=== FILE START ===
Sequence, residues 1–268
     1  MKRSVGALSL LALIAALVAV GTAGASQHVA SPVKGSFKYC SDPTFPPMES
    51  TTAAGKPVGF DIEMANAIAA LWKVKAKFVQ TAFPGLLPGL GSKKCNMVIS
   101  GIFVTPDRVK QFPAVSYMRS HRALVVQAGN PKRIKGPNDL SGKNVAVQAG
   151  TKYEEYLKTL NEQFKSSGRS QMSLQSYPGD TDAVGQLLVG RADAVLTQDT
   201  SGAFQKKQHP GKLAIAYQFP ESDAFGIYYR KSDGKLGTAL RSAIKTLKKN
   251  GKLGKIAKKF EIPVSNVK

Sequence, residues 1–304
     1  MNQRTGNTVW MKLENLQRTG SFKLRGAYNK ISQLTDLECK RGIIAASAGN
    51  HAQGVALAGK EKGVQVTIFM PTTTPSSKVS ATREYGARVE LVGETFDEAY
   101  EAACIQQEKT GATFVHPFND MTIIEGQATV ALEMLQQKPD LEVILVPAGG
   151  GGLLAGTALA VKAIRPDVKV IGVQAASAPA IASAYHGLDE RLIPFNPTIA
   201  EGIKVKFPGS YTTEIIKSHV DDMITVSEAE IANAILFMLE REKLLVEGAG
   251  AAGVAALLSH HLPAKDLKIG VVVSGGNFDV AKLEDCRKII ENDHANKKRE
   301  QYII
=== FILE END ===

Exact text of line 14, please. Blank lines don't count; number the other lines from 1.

   251  AAGVAALLSH HLPAKDLKIG VVVSGGNFDV AKLEDCRKII ENDHANKKRE